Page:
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Love Birds: Sex and Church Discipline


The story is all too common, and I’ve felt this feeling before.

We sat in silence hearing about the dreadful sin that had taken place weeks before. God forbid anything in the dark come to light, how awful a deed to hear of two beautiful unwedded humans enjoying the pleasures of touch. Whispers and disgrace stirred a wind, but the two were not flying.

I took a seat in the back. Behind the tears of mothers and stone faces of fathers, beneath the blanket of shame being pulled over the lovers’ eyes. Well, they didn’t love each other in the holistic sense of guarding spirit and mind. But they did discover heart.

Accusations of selfishness rang into the room like fat bass lines resonating off of flat walls. A certain smell arose that I could not pinpoint. It brought back memories of when I used to have an attitude problem in middle school. It recollected corrected anger from high school days by men and women who had trouble holding fiery tongues themselves. The smell, though faint at first, rose from the thin carpet the two birds sat on.

They sang a song together in the night months before, not knowing their melody would turn into a communal chorus with too much harmony and not enough balance. The choir sat on stilts, egging each other on with theatrical fan waves and seat shifts.

I checked to see if the tea was ready. Silence. Then weeping. Then silence again. I took to the only thing warm and inviting. We sat in a large room with family leaders, and community say so’s and say so’o’s. The chorus was picked up again, and lines of noted insolence danced in the air. Treble mixed with smell, and I could finally name the stench.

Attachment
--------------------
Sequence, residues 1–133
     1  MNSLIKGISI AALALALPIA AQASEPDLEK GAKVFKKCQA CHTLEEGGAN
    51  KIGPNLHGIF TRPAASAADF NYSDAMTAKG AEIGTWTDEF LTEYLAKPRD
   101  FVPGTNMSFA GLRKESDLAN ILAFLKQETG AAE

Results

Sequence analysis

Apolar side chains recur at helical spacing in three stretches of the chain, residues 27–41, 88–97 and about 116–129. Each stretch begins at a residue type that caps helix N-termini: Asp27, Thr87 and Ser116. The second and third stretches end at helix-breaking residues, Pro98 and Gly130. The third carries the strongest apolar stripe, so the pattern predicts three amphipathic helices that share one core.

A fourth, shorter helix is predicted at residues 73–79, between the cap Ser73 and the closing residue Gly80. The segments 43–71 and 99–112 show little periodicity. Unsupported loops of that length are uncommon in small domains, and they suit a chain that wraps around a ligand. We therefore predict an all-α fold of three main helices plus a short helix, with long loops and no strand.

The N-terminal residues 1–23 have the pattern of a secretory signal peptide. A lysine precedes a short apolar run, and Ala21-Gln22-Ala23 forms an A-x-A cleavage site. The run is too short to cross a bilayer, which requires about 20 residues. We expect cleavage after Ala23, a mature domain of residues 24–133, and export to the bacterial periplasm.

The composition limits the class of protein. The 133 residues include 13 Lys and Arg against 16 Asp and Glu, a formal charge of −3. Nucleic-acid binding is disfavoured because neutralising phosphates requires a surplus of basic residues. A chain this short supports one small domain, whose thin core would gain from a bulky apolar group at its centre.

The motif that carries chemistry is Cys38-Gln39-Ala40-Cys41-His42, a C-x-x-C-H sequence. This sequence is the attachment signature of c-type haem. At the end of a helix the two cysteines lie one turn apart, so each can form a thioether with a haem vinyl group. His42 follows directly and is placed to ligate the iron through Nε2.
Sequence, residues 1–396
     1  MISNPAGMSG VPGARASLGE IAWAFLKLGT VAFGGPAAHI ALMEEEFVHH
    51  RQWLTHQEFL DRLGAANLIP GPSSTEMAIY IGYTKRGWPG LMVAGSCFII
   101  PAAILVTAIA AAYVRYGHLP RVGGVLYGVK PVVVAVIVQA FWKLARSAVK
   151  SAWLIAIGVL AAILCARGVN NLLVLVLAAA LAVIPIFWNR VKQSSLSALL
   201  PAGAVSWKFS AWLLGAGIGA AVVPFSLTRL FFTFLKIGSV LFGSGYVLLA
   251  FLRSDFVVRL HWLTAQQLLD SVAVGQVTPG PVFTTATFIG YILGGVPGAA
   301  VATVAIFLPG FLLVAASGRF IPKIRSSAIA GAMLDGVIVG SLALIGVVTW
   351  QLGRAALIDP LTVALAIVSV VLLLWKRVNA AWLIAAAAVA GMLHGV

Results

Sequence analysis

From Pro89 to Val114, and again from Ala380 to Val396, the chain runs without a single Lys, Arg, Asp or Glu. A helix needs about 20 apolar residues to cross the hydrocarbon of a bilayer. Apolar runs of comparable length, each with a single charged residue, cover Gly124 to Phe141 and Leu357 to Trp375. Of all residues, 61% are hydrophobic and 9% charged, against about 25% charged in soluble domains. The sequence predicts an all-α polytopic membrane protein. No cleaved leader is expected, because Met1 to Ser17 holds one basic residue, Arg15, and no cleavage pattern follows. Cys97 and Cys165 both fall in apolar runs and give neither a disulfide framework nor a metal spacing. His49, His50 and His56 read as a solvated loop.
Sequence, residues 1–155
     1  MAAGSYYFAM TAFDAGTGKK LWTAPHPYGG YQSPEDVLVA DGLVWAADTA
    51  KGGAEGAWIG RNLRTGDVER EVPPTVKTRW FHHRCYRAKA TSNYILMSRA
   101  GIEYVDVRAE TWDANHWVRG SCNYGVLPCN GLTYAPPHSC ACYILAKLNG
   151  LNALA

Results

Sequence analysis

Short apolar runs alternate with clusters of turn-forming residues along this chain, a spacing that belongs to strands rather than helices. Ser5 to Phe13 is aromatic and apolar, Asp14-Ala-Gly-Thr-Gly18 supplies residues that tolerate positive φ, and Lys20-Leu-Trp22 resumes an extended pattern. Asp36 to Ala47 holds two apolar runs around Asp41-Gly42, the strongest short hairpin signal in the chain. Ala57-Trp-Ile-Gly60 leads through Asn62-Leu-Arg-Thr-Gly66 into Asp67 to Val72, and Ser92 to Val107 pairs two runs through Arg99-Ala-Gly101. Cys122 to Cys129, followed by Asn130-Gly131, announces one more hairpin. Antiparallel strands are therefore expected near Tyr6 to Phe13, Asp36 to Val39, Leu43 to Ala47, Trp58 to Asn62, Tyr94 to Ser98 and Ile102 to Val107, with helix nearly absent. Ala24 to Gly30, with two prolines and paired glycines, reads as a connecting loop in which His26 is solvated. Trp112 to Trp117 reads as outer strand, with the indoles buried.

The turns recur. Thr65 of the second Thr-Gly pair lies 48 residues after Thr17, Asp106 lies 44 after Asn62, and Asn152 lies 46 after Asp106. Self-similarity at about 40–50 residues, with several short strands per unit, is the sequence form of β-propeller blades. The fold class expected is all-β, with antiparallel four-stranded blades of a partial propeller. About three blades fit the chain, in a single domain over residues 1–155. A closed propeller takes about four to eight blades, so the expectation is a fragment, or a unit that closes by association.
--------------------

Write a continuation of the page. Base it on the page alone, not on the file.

Hypocrisy. Trash. Dirty, pointed fingers.

My anger shot quickly. First from my quieted toes, then back towards the bend of my shoulders. The very people pushing consonants and vowels into the air, believing themselves to be singers of perfect pitch, spewed pieces of factual feces. Words disguised by eloquent phrases fell on honest ears as clashes of brass and worn cymbals. Sadness overtook me as technicality ruled the composition. What was being said in that moment was technically “holy.”

It was kind of like watching a talent show award a winner based on back door connection instead of actual talent. How rich it was to hear their shallow sounds. Apparently, married folk may forget how it was for them to be single. Apparently, older ones may only remember their yesterday and not their last year. Apprently, sex before marriage is much more offensive than gossip, slander, thievery even.

Hypocrisy. Trash. Dirty, pointed fingers.

Sex is beautiful in the context of marriage. Yes. Singleness makes opportunity for unique growth. Yes. Singleness makes room for energy and time towards accomplishing amazing goals. Yes. Sex, within freeing parameters of marriage, leads to sanctification. Yes.

And amen. The lyrics sung were agreeable, easily protected by legality. But something about the tone, lying between the breaths of each phrase, reeked so much of familiar two-faced fragrance that I started to question what the singers themselves did after sundown.

I hated my front row seat staring at the back of their skewed heads.

Suddenly, I became protective of the two sitting under a fog of forgetfulness. Before these birds danced the deed, there were signs: signs of infatuation and attraction, attempts to express longing for physical attention, questions of possibilities. But there was no room for that type of song to be sung. No one willing to coach and swoon alongside their inquiry. Space for conversation about sex and love squandered by “just be content, its not worth time to ponder” bridges that led to absolutely no where. So they took to the night in hopes of finding flight.

This story is all too common, and I’ve felt these feelings before.

Unless someone teaches one how to fly—birds will figure wingspan independently. Someone turn off that damning noise, adjust the pitch, and sing a love song.

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